# The Momentum Equation as a Guide to Thinking

From the definition of momentum, it becomes obvious that an object has a large momentum if both its mass and its velocity are large. Both variables are of equal importance in determining the momentum of an object. Consider a Mack truck and a roller skate moving down the street at the same speed. The considerably greater mass of the Mack truck gives it a considerably greater momentum. Yet if the Mack truck were at rest, then the momentum of the least massive roller skate would be the greatest. The momentum of any object that is at rest is 0. Objects at rest do not have momentum – they do not have any “mass in motion.” Both variables – mass and velocity – are important in comparing the momentum of two objects.

The momentum equation can help us to think about how a change in one of the two variables might affect the momentum of an object. Consider a 0.5-kg physics cart loaded with one 0.5-kg brick and moving with a speed of 2.0 m/s. The total mass of loaded cart is 1.0 kg and its momentum is 2.0 kg•m/s. If the cart was instead loaded with three 0.5-kg bricks, then the total mass of the loaded cart would be 2.0 kg and its momentum would be 4.0 kg•m/s. A doubling of the mass results in a doubling of the momentum.

Similarly, if the 2.0-kg cart had a velocity of 8.0 m/s (instead of 2.0 m/s), then the cart would have a momentum of 16.0 kg•m/s (instead of 4.0 kg•m/s). Aquadrupling in velocity results in a quadrupling of the momentum. These two examples illustrate how the equation p = m•v serves as a “guide to thinking” andnot merely a “plug-and-chug recipe for algebraic problem-solving.”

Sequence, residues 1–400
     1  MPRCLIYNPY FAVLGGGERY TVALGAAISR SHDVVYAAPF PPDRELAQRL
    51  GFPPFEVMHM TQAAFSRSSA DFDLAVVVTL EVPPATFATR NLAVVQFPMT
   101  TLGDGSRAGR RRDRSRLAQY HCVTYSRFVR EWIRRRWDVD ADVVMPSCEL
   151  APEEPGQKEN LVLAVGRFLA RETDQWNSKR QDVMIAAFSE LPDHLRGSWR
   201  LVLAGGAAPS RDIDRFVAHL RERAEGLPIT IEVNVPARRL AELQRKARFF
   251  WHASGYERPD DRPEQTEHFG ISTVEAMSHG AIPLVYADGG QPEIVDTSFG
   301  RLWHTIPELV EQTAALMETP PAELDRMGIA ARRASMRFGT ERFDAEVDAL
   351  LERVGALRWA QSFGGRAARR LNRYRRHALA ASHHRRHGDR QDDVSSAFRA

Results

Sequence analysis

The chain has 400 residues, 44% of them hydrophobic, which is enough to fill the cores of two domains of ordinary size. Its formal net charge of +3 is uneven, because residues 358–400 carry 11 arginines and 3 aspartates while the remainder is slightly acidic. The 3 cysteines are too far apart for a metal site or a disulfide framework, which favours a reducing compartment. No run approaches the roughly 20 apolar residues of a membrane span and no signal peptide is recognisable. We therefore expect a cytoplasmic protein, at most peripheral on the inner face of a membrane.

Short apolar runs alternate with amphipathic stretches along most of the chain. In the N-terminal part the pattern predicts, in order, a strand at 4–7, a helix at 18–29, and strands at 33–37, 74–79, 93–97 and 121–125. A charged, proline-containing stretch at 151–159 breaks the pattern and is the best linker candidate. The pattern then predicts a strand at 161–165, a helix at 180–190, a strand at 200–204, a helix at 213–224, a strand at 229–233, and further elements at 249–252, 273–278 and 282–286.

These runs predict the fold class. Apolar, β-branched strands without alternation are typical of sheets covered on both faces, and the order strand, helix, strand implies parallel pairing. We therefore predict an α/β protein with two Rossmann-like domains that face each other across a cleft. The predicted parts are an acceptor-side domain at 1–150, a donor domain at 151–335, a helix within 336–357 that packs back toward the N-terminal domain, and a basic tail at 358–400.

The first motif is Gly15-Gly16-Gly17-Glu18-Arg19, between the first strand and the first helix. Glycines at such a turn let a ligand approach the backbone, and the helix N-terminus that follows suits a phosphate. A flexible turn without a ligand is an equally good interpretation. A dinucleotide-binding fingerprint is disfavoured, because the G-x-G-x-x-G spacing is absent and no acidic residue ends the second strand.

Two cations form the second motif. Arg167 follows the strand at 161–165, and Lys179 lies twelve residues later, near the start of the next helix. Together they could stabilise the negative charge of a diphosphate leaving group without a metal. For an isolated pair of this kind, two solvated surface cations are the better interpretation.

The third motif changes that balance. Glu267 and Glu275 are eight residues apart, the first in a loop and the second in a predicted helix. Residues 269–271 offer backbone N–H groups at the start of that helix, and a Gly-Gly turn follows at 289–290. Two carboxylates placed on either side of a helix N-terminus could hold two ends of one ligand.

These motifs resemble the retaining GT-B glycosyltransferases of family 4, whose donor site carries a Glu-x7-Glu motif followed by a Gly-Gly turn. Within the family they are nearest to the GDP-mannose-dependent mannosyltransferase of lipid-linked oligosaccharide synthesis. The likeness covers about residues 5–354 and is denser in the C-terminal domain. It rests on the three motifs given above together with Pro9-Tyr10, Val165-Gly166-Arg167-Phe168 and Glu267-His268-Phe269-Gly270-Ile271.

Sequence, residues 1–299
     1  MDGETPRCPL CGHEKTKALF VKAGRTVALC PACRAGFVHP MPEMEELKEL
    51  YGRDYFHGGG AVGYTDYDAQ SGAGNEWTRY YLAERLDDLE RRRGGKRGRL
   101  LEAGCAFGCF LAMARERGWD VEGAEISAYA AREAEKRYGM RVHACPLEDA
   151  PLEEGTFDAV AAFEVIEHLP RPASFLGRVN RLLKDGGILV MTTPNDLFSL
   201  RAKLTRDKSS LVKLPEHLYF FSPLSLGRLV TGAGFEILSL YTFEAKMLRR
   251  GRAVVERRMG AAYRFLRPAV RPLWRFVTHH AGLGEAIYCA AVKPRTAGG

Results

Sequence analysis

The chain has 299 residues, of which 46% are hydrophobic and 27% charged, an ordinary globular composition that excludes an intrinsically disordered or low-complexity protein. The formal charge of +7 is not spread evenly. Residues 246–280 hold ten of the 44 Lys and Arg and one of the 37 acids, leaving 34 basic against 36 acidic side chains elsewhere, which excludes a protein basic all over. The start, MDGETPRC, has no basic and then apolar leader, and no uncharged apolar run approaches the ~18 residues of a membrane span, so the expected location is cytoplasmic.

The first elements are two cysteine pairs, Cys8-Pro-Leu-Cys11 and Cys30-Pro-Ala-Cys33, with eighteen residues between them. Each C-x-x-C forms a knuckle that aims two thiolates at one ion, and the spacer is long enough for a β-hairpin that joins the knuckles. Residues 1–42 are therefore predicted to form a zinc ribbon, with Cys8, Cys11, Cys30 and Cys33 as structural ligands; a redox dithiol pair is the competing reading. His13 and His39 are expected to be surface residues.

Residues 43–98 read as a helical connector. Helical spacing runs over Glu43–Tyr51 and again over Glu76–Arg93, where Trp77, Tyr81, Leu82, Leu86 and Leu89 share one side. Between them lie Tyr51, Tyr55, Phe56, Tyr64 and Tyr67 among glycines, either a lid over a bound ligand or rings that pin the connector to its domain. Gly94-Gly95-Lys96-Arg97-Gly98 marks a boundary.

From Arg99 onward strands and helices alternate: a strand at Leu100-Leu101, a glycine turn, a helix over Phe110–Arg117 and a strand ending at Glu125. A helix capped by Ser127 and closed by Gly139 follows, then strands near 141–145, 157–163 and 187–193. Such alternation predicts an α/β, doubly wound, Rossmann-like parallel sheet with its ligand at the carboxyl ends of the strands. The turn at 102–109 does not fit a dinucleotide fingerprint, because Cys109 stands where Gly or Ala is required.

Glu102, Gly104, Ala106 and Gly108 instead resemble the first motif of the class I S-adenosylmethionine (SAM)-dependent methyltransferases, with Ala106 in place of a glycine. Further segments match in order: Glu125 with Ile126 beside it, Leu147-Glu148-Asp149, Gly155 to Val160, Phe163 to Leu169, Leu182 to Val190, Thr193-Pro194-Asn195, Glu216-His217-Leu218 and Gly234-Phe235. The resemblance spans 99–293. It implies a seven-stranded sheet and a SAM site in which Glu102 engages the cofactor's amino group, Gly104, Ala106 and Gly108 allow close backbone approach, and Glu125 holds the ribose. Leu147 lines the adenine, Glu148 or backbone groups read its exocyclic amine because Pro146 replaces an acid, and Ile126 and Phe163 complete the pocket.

### Check Your Understanding

Express your understanding of the concept and mathematics of momentum by answering the following questions. Click the button to view the answers.

1. Determine the momentum of a …

a. 60-kg halfback moving eastward at 9 m/s.

b. 1000-kg car moving northward at 20 m/s.

c. 40-kg freshman moving southward at 2 m/s.

See Answer

A. p = m*v = 60 kg*9 m/s

p = 540 kg•m/s, east

B. p = m*v = 1000 kg*20 m/s

p = 20 000 kg•m/s, north

C. p = m*v = 40 kg*2 m/s

p = 80 kg•m/s, south

2. A car possesses 20 000 units of momentum. What would be the car’s new momentum if …

a. its velocity was doubled.

b. its velocity was tripled.

c. its mass was doubled (by adding more passengers and a greater load)

d. both its velocity was doubled and its mass was doubled.

See Answer

A. p = 40 000 units (doubling the velocity will double the momentum)

B. p = 60 000 units (tripling the velocity will triple the momentum)

C. p = 40 000 units (doubling the mass will double the momentum)

D. p = 80 000 units (doubling the velocity will double the momentum and doubling the mass will also double the momentum; the combined result is that the momentum is doubled twice -quadrupled)

3. A halfback (m = 60 kg), a tight end (m = 90 kg), and a lineman (m = 120 kg) are running down the football field. Consider their ticker tape patterns below.

Compare the velocities of these three players. How many times greater are the velocity of the halfback and the velocity of the tight end than the velocity of the lineman?

Which player has the greatest momentum? Explain.

See Answer

A. The tight end travels twice the distance of the lineman in the same amount of time. Thus, the tight end is twice as fast (vtight end = 6 m/s). The halfback travels three times the distance of the lineman in the same amount of time. Thus, the halfback is three times as fast (vhalfback = 9 m/s).

B. Both the halfback and the tight end have the greatest momentum. The each have the same amount of momentum – 540 kg*m/s. The lineman only has 360 kg*m/s.

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